Home »  Money

Abolish DDT to avoid double taxation

Saturday, 23 February 2013 - 10:30am IST | Place: Mumbai | Agency: dna
Given the faltering economic growth, I believe attempting to peg fiscal deficit at 5% of GDP in 2013-14 would be more realistic as against 4.8% target. The FM will have to deploy a judicious mix of measures to cut expenditure and enhance revenues.

Given the faltering economic growth, I believe attempting to peg fiscal deficit at 5% of GDP in 2013-14 would be more realistic as against 4.8% target. The FM will have to deploy a judicious mix of measures to cut expenditure and enhance revenues.

He will neither have room for flagrant populism, given the unfavourable fiscal condition, nor for radical policy shifts, given the political compulsions ahead of the 2014 elections. Nevertheless, I believe the FM will choose to tilt towards the latter and take decisive steps to turn the economy around and create a more investment-friendly climate. Having woken up from its policy stupor, the government has already announced a slew of reforms and I expect the FM to continue treading the same path.

Given the fall in tax collections during the first nine months of 2012-13, one can expect that the FM would try and increase revenue collections by raising excise duty and service tax from 12% to 14%. The other sources of increasing tax collections increasing taxes on cigarettes and alcoholic beverages to improve human and fiscal health or increasing import duty on crude oil from 0% to 5%. 

Currently, Indian companies pay tax not only on their earnings but also on the dividends they pay to their shareholders. I fail to see the logic behind this. Yes, a company should pay income tax on the profits that it earns. But why subject it to dividend distribution tax (DDT)?

My view, however, is when a company pays dividends, it is merely distributing its current or historical earnings to its shareholders. Since these earnings have already been subjected to income tax, I believe there is no case for taxing them again in the hands of the shareholders.

Abolishing DDT would put an end to the prevalent double taxation, remove the bias against distributed profits and help ensure that shareholders get a fair return on their equity holdings. It would also encourage many companies to distribute higher dividend encouraging the retail equity cult. Foreign investors, who see DDT as a disincentive for investing in Indian equities, would be encouraged. In sum, not only would it correct an anomaly, it would also go a long way in reviving overall market sentiment.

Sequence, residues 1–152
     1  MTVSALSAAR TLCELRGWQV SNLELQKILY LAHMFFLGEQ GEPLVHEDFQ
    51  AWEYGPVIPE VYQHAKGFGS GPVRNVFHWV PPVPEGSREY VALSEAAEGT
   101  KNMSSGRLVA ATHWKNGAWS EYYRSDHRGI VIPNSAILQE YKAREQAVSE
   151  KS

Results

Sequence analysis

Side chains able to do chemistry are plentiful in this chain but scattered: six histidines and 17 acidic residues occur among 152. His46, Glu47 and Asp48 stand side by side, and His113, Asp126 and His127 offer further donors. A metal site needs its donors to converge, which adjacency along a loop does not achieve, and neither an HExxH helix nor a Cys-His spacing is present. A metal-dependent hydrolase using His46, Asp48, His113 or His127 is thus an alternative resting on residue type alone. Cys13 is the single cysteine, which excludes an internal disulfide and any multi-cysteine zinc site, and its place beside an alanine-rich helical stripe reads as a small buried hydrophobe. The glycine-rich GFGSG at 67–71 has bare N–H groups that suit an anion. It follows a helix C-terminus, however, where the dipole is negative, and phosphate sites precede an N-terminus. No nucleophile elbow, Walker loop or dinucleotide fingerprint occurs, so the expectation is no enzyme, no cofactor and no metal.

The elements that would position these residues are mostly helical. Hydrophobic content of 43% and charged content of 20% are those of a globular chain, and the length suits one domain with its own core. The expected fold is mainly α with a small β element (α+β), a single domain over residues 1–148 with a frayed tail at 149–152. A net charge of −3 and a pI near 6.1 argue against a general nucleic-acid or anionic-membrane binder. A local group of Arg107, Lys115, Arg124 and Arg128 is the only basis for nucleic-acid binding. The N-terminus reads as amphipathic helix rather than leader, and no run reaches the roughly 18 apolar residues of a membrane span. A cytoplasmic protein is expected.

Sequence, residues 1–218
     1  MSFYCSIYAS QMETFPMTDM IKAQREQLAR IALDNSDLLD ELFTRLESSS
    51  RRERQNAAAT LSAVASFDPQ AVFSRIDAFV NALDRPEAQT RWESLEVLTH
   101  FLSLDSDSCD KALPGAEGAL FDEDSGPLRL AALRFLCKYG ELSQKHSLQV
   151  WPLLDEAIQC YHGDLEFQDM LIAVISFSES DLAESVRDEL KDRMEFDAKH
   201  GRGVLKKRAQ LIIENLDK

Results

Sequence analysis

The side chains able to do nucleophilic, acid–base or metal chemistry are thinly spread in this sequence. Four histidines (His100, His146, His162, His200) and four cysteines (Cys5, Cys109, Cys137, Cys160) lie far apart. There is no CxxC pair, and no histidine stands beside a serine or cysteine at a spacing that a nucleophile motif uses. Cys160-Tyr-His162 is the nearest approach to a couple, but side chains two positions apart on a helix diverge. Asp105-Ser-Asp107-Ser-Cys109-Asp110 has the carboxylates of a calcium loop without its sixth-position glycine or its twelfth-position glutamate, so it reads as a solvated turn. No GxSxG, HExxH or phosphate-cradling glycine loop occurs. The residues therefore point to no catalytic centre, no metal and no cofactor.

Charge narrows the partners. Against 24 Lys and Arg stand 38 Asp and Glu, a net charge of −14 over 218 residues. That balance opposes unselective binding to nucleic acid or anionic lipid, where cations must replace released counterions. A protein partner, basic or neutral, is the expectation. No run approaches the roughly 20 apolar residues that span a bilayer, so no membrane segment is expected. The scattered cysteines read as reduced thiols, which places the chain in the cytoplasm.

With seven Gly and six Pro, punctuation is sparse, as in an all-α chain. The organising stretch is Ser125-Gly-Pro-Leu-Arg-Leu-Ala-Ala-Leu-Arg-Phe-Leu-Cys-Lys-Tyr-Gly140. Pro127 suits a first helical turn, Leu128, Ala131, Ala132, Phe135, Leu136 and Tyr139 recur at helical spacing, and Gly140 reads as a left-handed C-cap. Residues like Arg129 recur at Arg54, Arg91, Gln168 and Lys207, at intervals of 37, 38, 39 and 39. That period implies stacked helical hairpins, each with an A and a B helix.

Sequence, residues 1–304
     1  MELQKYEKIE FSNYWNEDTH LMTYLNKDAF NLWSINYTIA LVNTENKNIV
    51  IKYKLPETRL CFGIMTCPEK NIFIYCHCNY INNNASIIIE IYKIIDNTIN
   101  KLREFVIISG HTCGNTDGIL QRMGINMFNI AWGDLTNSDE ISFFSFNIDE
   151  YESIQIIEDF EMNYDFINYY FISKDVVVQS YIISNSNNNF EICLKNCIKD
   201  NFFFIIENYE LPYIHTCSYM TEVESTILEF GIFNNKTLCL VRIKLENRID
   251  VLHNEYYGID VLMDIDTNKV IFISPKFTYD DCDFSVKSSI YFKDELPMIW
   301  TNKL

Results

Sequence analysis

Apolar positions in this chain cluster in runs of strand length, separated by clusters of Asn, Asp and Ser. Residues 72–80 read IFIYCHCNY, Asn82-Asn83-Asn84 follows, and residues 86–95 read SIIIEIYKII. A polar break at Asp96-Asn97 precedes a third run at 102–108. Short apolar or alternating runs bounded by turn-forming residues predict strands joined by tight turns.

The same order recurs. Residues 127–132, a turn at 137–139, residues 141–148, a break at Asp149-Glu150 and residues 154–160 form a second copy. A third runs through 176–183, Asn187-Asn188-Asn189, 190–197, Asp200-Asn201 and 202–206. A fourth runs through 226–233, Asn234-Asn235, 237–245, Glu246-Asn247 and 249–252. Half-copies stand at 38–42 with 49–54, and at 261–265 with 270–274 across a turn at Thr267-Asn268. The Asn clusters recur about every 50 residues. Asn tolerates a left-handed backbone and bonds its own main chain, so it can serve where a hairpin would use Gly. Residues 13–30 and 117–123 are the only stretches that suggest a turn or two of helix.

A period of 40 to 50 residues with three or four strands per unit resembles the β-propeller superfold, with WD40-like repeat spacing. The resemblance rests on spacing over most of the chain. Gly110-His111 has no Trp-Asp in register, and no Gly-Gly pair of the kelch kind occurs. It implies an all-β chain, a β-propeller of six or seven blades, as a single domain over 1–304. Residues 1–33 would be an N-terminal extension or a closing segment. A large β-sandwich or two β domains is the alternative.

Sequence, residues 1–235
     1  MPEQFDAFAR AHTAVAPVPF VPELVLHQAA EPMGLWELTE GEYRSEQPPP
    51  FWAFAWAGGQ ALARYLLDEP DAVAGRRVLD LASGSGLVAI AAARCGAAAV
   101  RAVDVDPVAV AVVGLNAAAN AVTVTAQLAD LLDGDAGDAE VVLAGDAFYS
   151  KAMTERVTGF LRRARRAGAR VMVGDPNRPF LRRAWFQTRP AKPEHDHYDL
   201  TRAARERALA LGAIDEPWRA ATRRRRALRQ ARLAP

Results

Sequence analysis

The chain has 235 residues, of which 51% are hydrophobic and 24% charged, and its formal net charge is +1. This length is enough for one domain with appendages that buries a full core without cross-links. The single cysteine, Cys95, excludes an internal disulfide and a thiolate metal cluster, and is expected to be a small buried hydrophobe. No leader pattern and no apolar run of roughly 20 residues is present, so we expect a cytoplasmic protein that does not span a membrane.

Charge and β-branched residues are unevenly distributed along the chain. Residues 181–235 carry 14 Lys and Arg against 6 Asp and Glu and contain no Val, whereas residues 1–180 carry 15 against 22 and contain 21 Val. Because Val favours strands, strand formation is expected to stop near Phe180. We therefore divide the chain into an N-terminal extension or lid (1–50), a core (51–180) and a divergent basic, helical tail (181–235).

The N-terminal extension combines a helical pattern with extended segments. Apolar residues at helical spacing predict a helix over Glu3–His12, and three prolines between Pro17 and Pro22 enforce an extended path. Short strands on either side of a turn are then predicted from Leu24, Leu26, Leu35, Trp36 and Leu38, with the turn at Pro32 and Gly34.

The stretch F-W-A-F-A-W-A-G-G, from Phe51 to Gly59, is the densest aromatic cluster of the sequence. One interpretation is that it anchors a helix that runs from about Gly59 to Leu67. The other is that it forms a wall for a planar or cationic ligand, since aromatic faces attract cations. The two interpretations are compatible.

Also, to really boost investor confidence in India, the FM needs to immediately drop the retrospective amendments to taxation laws that his predecessor made. Only then will India receive its fair share of global investments.

On the personal taxation front, the marginal rate of tax for the ‘super rich’ could go up to 40%. Inheritance tax and wealth tax could be introduced. However, in light of the hardships caused due to inflation, some tax concessions/benefits are likely for the masses.

Deduction under Section 80C may be revised to Rs150,000 from the existing limit of Rs100,000 to provide enhanced options of investment. There could also be some concessions given to interest on bank deposits to encourage savings. The limit of deduction on interest paid against self-occupied property may be revised up to Rs350,000. The Rajiv Gandhi Equity Savings Scheme could be made more attractive and extended to old/experienced investors as well.

To create a more investment-friendly climate from the capital markets perspective, the most important step relates to securities transaction tax (STT) – I would expect some rationalisation, if not complete withdrawal. This would help buoy the languishing volumes on the Indian bourses.

The writer is CMD, Motilal Oswal Financial Services Ltd




Jump to comments